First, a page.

President Obama called a member of the Cambridge police department Friday to explain his statements earlier this week criticizing the arrest of Harvard professor Henry Louis Gates.

Obama reached out to Cambridge Police Sargeant James Crowley to explain his remarks earlier this week accusing the officer of "acting stupidly" in the arrest of Gates, which sparked a debate about race and policing in the United States.

"Because of our history, because of the difficulties in the past. African-Americans are sensitive to these issues," the president explained during a surprise appearance in Friday afternoon's White House briefing.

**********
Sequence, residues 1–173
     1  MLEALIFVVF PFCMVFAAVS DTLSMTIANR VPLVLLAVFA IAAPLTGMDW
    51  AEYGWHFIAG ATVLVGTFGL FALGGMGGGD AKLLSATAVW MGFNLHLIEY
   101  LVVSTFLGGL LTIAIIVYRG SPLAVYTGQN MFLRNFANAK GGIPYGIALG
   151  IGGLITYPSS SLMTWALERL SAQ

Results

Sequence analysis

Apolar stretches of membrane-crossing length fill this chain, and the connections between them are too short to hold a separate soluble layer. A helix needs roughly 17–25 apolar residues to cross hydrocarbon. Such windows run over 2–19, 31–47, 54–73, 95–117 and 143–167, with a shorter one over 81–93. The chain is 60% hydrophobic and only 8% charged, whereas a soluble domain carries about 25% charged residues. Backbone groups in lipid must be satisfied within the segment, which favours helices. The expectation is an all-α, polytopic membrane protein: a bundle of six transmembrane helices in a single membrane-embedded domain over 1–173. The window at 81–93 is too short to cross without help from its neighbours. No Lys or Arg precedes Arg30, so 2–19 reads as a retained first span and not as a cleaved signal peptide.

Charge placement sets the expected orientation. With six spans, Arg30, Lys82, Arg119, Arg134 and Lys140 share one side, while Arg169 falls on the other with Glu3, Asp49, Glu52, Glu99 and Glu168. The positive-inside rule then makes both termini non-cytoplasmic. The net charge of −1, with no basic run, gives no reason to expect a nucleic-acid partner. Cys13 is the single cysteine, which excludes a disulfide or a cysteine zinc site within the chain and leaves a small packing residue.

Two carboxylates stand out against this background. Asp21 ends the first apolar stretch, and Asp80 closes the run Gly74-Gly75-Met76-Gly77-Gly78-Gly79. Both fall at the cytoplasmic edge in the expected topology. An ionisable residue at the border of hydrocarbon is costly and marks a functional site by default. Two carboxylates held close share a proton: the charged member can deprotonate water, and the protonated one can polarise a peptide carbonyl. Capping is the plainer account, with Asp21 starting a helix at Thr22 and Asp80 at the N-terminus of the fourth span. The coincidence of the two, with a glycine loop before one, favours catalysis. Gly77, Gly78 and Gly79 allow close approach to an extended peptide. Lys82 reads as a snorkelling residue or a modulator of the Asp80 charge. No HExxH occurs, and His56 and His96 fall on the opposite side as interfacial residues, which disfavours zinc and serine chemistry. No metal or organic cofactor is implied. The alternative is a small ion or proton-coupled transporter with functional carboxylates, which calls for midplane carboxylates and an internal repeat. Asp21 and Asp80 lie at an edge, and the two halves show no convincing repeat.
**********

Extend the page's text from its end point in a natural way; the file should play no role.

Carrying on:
Obama spoke on the officer's "fine track record" when it comes to racial sensitivity, and joked that he'd invited Crowley to the White House to have a beer.

Obama defended his decision to speak on the arrest of Gates, first in Wednesday evening's prime time press conference, as an opportunity for a learning opportunity on racial issues nationally.

"My hope is that as a consequence of this event, this ends up being what's called a teachable moment," Obama said.

"There are some who say as president I shouldn't have stepped into this at all because I'm president and it's a local issue," the president added. "The fact that it's become such a big issue is indicative of the fact that race is still a troubling aspect of our society."